Charlie Gibson receives 2004 Bob Akin Motorsports Award
WATKINS GLEN, N.Y. (Sept. 16, 2004) - The late Charlie Gibson was named the 2004 recipient of the Road Racing Drivers Club's Bob Akin Motorsports Award at a reception held at the International Motor Racing Research Center in Watkins Glen, N.Y., on Sept. 10.
The reception was part of a series of events surrounding the Zippo U.S. Vintage Grand Prix of Watkins Glen at Watkins Glen Raceway sanctioned by the Sports Car Vintage Racing Association (SVRA).
RRDC president Bobby Rahal presented the second annual award to Gibson's longtime friend and business partner, Dave Handy.
Each recipient is selected by Akin's son Bobby and RRDC members Brian Redman and Archie Urciuoli.
Born in New York in 1935, Gibson lost his life in February of this year in an off-track accident at his Sasco Sports vintage and historic race-preparation shop in Danville, Va. He was a successful vintage and professional race-car driver, a businessman, an expert skier, and a strong supporter of motorsports safety.
Gibson attended Williams College and Harvard University, earning a Master of Science degree in Engineering at Williams and an MBA from Harvard. He later served as president of the U.S. Ski Association. In 1962 he joined IBM's marketing department, from which he retired in 1988. In 1977 he founded Sasco Sports in Fairfield, Conn., then relocated it to Virginia in 1999.
As a driver, his credentials include racing an Austin-Healey Sprite in 1959 and a Lotus 23, in which he won the 1967 Sports Car Club of America (SCCA) G-Modified National Championship. In vintage competition, he raced, among others, a McLaren Can-Am car, a Lister-Chevy and his familiar orange-striped 1959 Lola Mk 1. He twice won the Monoposto Racing Formula 70 Gilles Villeneuve Memorial Trophy in his March 79B Formula Atlantic.
"Charlie was a friend to all of us," said Rahal. "He was a successful guy. I remember he was pretty damned fast in a Lotus 23. But Charlie was the kind of guy who I don't think was too impressed with what he was supposed to be. He was just a true racer. You would see him changing tires, driving the truck, everything. He'd do it all.
"He was a very smart guy, a very talented guy, a guy who obviously loved the sport. He is sorely missed and he was universally respected, especially in the vintage-car world, for who he was and what he did.
"I can't think of a better person to receive this award - unfortunately, posthumously."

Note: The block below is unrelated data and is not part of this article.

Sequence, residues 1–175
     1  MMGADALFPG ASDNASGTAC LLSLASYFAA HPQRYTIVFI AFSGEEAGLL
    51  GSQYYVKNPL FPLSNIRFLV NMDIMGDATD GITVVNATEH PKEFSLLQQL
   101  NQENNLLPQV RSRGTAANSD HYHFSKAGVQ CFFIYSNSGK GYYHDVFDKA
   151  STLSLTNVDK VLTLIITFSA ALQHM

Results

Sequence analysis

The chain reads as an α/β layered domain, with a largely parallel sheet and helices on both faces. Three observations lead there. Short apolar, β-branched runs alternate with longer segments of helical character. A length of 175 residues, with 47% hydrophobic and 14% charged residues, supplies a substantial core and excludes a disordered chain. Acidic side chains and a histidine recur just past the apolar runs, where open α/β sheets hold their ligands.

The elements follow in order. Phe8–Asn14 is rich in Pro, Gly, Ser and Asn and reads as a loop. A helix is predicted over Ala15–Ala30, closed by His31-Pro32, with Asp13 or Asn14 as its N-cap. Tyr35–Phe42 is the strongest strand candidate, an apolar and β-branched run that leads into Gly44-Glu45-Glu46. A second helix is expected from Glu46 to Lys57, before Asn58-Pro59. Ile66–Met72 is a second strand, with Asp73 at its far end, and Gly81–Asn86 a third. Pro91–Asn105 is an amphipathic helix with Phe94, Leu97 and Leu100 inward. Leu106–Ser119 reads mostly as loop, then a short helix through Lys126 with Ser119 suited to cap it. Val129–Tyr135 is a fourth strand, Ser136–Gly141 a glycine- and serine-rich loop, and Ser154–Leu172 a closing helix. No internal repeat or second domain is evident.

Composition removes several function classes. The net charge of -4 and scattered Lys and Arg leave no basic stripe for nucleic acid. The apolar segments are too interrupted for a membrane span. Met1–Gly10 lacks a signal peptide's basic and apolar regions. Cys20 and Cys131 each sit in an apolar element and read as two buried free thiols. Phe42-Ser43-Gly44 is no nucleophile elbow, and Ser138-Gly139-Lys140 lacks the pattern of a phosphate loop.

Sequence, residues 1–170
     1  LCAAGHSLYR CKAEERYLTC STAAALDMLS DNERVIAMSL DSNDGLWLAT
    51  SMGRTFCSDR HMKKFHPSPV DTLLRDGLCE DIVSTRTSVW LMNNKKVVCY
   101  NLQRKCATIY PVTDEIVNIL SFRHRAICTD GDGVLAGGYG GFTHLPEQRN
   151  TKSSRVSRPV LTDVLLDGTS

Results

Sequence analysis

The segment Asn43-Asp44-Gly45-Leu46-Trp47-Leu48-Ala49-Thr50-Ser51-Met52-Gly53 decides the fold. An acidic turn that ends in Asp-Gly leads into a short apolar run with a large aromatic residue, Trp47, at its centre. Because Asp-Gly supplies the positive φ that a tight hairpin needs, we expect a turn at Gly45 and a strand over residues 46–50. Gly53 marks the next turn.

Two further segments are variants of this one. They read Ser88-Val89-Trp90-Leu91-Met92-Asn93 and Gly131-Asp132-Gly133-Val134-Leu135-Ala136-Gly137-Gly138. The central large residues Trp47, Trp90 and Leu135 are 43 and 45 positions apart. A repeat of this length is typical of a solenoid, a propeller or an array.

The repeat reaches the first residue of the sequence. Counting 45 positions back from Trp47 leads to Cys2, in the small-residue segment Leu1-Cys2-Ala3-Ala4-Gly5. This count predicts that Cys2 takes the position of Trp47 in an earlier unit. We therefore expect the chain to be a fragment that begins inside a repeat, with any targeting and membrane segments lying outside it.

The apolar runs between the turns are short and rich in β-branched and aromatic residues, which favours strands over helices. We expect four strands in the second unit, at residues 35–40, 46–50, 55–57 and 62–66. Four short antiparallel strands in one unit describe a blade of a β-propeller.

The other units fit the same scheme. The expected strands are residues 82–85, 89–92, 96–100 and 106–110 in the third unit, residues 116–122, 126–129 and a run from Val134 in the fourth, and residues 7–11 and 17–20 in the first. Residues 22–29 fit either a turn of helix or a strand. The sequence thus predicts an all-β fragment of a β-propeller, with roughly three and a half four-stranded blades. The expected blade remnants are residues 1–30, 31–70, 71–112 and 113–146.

"I'd like to thank the RRDC and, of course, the Akin family for this wonderful award on behalf of Charlie," said Handy, Gibson's business partner for 28 years. "I knew that I was going to have to get up here and say something, but I thought about what Charlie would have done. He would have been extremely honored and privileged to accept this award and he also would have been extremely embarrassed to be standing up here getting any accolades for anything. As anyone who knew him knows, Charlie did things just because it was the right thing to do.
"He never expected to get anything out of it. He never expected to receive any awards."
"Charlie was an outstanding driver, engineer, mechanic and, best of all, a friend," commented Syd Silverman, chairman of Vintage Motorsport Magazine. "Sasco Sports prepared many race cars and Charlie helped prepare many drivers.
"He was a strong believer that the overtaking car had the responsibility for a safe pass. I'm sure anybody who has ever attended a driver's meeting at which Charlie had something to say will remember that.
"Watching your mirrors was Charlie's favorite motto and you'd better do it often if he was behind you because he wouldn't be there very long.
"Vintage racing is full of talkers, as we all know," added Silverman. "Charlie was one of the best listeners in the sport and, because he heard and understood what you said, he responded in kind in his easygoing and friendly manner.
"Charlie was one of a kind. His interest in driving, drivers and cars made him a leader in the sport for many years. By his example, he has challenged all of us to improve our performance and technique and to love vintage racing as much as he did."
Carl Jensen, competition director for the SVRA, also remembered Gibson. "Every time I would go to a race track, be it vintage racing or pro racing, I always made it a point to stop by and have a few words with Charlie. He certainly was a unique individual and I always enjoyed his somewhat different perspective on either the vintage event or pro event that was going on that weekend or just the sport in general."
Sam Posey was the first recipient of the Bob Akin Motorsports Award for 2003. The distinctive trophy was conceived by the RRDC to honor the memory of long-time RRDC member and past president Bob Akin, who lost his life in a racing accident in 2002.
The trophy was designed by Steuben Glass in Corning, N.Y., and is given to an amateur, vintage or semi-professional American road racer who best exemplifies the extraordinary qualities and characteristics that Akin represented, including a passion for motorsports and automobiles, a high level of sportsmanship and fair play, and who has contributed to the motorsports community.
The permanent trophy, listing annual winners, is on display at the International Motor Racing Research Center in Watkins Glen, N.Y. The recipients receive a smaller, engraved version of the award.
The Road Racing Drivers Club was formed in 1952 to promote road racing and driver safety. The RRDC today continues to recognize, promote and mentor road-racing drivers. Along with the Bob Akin Motorsports Award, the RRDC presents the Phil Hill Award (annually to a driver, sponsor or sanctioning official who makes outstanding contributions to road racing), and the Mark Donohue Award (annually to an outstanding driver at the SCCA National Runoffs).